“Cruise Control is the enemy of success. We resist change because we overestimate the value of what we have and underestimate the value of what can be gained through change.”
When faced with change, there is often a feeling of disorientation. One minute you are cruising along in a certain direction on a path that you believed was leading you towards a desired goal or certain future, and then . . . BAM.
But is what you originally envisioned your only future?
A New Palette
After graduating with a degree in business, Erik Wahl became a high-powered executive at a corporate firm. He had charted his course and knew where he was headed. Then, after eight years, he lost his job when the dot-com bubble burst.
It was then that he shifted his focus to art, and in particular, speed painting.
To most, this was a complete turnaround in that he went from suits and cell phones, to paint brushes and canvasses.
However, and because he was able to adapt and imagine a new future, Erik Wahl is now one of the country’s most sought after business speakers. His speed art presentation called “The Art of Vision,” has enthralled audiences and motivated business professionals from organizations such as AT&T, London School of Business and Ernst & Young to see beyond the familiar to achieve greater outcomes.
At the heart of his message is the belief that it is more important to be creative than to be stable, especially in times of change.
The question is how do you go from resisting change when the rate of change is not going to slow down. What’s the secret for embracing unpredictability? The following four steps will help you to get there . . . wherever your “new” there is.
1. Your First Reaction Is Not Your Best Reaction
Beliefs are at the core of our foundation, and influence our desire to change or move or try something else. This is a principle that I covered at length in my first book, entitled Customize Your Career (2004). Beliefs or “perceptions of self” determine your values and ultimately the goals you both set and work toward achieving in terms of your future success.
As a result, and whether expected or not, change actually threatens your belief system. This is why you may – like so many people, summarily resist it, because it shakes up not only your view of the world, but your view of yourself.
This is why you have to look beyond your initial reaction and open yourself up to the possibilities associated with change.
You may very well discover that what you initially considered to be an upset is, in reality, the doorway to a bigger and brighter future.
2. Be Willing To Let Go
I once saw a picture on a friend’s office wall of a baseball player sliding into base. Above, the caption read, “You can’t steal second with your foot on first.”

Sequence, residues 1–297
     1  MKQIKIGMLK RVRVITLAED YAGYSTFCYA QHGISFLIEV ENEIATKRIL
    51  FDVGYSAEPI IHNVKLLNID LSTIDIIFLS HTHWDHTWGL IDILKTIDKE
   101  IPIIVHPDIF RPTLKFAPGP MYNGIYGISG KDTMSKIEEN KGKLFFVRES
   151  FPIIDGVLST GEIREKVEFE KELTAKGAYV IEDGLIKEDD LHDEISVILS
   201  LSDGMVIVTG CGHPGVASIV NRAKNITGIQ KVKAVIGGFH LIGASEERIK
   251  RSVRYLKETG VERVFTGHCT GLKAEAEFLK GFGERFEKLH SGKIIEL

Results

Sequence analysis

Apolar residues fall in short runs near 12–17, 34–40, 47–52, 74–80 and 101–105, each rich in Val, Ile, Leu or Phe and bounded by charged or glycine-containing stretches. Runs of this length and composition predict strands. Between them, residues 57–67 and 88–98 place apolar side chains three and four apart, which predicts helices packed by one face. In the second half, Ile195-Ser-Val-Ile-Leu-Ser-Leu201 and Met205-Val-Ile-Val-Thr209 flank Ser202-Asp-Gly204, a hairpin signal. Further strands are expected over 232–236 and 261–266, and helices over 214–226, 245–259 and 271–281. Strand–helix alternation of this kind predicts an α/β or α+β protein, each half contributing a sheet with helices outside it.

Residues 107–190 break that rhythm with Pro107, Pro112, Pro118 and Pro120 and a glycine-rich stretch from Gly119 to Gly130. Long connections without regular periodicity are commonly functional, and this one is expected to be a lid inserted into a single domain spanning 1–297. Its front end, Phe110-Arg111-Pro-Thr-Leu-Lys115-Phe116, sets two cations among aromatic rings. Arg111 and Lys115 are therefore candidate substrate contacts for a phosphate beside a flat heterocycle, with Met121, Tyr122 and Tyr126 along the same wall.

Are you someone who likes to (or needs to) hang on to the past? Do you spend your thought power on looking at what has already happened, instead of influencing what will happen? For most, there is comfort and certainty in the familiar. However, sometimes these are not accurate indicators that you are on the right path. Sometime they can actually mask the fact that you are in a rut.
An essential step to embracing change requires you to let go. A priest recently shared his wisdom with his congregation, where he said that if you live in the past, you will live with regrets! But if you live in the present, you’ll live with passion and opportunities. Are you ready to take on the world of possibility?
3. Believe anything is possible
When my Mother turned 88, I remember asking her how she felt about getting old. Her response was most inspiring. She said: ”Roz, when I get there, I’ll let you know.” My Mother lived her life to the fullest and taught me that attitude is the force that makes the impossible possible.
For me, I never believed that I would be travelling around the world, privileged to be speaking to Fortune 500 companies. What’s the change you see possible for yourself, and are your looking through a clear and fresh lens of objective enthusiasm?
Take a step back, and pretend that you are at the beginning of your career when everything is new and all things are possible. At this stage you’re likely not invested so much in your present vision of what the future should look like. As a result, you have an elasticity in terms of options, and are open to trying new things. This is the spirit you want to bring to the table when a change is happening in your career and life.
In other words, look to the future for possibilities, but use the present to lay the foundation.
4. Find Your Undiscovered YOU
Change does not mean that you compromise your values, or attempt to do something that is clearly outside of the scope of your unique abilities.
However, change may actually enable you to discover an untapped well of capability and skills that you have never used. I call this finding the “undiscovered you.”
The questions you need to ask yourself is simply this: Do you have a hidden talent and capability? Is there a gift that you possess that is muted and hidden under the obfuscating belief of what you think you are, as opposed to what you could be? What do you enjoy doing that inspires others to recognize your talents? What type of work energizes you and gives you enormous pleasure?
Going back to my story about Erik Wahl, a sudden and unexpected change was the best thing that could have ever happened to him. Why should change treat you any differently?